Just a few link sausages waiting for multiple surgeons to play with my insides in a couple of weeks. The irony that "link sausages" historically have involved some of those same body parts (ordinarily from different species) may be too much for casual consumption.
- The Economist tries desperately to prescribe how to make sense of 2016 while utterly failing to acknowledge the fundamental precept:
Democracy and liberalism are processes, not things
And because they are processes, they (a) involve complex starting states, (b) involve intermediate products (often toxic or otherwise dangerous!), and (c) do not have pure outcomes. Just like comparing the oversimplification of most high-school chemistry textbooks to even basic organic chemistry labwork — the basic class, taken by legions of chemists and biologists and pre-meds in their sophomore years — let alone a living cell's processes.
2H2O + Na+ ⇋ 2H2 + O2 + Na+
(plus a big bang!)
C6H12O6 + 3O2 + heat ⇁ 6CO2 + 6H2O
(primary reaction only, no enzymes, no intermediates shown)
This is just a glimpse, of course... and assumes pure reagents to start with! And there ain't nothin' pure about the starting state, reactants, or environment of "politics," as implied in a different piece at The Economist.
- But I suppose it beats the Russian Revolution, which remains a mystery perhaps most of all in Russia.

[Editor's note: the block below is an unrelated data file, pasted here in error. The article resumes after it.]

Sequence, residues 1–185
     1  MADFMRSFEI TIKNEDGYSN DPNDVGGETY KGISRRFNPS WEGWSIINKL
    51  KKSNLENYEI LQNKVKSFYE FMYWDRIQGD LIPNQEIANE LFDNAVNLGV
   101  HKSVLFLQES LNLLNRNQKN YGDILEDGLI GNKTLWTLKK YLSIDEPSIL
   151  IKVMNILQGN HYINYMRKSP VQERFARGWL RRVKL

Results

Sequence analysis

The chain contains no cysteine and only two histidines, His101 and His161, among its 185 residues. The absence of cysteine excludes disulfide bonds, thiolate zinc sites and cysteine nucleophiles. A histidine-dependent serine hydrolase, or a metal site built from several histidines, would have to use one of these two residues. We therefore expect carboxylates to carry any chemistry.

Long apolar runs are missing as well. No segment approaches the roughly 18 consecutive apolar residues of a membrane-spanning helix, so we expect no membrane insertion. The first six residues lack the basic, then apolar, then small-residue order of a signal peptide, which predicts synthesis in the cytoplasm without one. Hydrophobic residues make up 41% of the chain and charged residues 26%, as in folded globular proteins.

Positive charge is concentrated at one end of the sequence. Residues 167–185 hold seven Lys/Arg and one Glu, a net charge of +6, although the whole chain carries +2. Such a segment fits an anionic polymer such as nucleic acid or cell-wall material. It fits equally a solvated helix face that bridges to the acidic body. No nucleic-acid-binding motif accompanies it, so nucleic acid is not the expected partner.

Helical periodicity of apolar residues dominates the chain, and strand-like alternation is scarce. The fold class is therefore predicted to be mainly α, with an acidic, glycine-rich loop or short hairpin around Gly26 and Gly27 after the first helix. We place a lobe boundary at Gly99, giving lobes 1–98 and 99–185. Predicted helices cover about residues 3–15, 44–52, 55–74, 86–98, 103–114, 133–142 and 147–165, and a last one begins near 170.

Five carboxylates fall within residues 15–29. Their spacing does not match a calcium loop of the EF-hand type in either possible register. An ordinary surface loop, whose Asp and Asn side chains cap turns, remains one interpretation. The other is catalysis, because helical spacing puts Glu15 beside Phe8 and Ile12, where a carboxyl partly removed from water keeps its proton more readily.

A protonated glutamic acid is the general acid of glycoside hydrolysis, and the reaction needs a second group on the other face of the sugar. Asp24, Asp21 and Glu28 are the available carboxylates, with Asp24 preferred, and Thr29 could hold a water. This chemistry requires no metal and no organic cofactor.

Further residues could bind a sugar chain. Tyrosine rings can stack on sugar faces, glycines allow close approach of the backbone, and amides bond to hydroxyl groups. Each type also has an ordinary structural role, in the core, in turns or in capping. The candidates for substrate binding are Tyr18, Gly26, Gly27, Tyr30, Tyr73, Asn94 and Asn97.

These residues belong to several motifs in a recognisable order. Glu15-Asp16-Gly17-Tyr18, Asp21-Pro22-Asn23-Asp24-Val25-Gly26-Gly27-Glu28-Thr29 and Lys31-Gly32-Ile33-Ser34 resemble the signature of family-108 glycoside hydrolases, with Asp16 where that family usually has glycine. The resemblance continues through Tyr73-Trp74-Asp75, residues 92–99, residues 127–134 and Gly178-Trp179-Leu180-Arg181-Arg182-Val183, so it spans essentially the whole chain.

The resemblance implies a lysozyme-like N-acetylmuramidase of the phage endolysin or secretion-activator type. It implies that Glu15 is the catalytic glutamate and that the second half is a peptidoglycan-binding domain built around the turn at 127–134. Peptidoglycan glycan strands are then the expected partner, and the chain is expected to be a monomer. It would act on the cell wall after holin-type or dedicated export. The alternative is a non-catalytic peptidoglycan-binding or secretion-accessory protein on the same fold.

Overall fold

- Meanwhile, in a further demonstration that courts — as inconvenient, persnickity, slow, and expensive as they are — are a critical bulwark against short-term selfishness and reification of power structures, the Court of Justice of the European Union has ruled that European governments may not force telecoms to retain all user data for later use in even antiterrorism contexts. (No link to the opinion because there are technical issues at the moment.) Instead, the CJEU has demanded some kind of particularized showing as to particular subscribers for particular periods.
- In further proof that PW simply should not be believed when writing about "copyright issues," consider this headline:
Australian Publishing Is Losing the Copyright Fight
That should concern an actual copyright issue, right? Not so much: It's about territorial exclusivity to legitimate imports of legal copies printed outside of Australia. This is not about copyright, you bloody fools. You arrogant shitheads, who spew forth that the publishing industries "speak for" or "on behalf of" copyright holders, when for trade publishing the publishing industries hold substantially less than half of the copyrights... and most of those improperly.
And yet these are the arrogant shitheads listened to by the US Register of Copyright on policy matters — in exclusion of the actual creators, actual holders, and heirs thereof — so maybe it is about copyright. Just not in the way implied or intended...
- ... or consistent with the Progress of the useful Arts and Sciences as stated in the US Constitution and supported by other research. Note to the MBA types out there: You should seriously consider understanding the concept of a Markov chain before you try to break processes down and analyze individual components for their purported profitability. I'm just sayin.'
- And then there's the problem of "What is there instead of copyright?" Historically, it's been censorship. Information may want to be free, but those with power want to control information... and usually have the tools to do so. Copyright is a least-bad solution, or at least the least-bad solution that has been developed (or, to my incomplete-but-extensive knowledge, proposed).
- Tenure is not a substitute, especially in the face of institutional imperatives that demonstrate that people and power get in the way of utopian visions pretty regularly.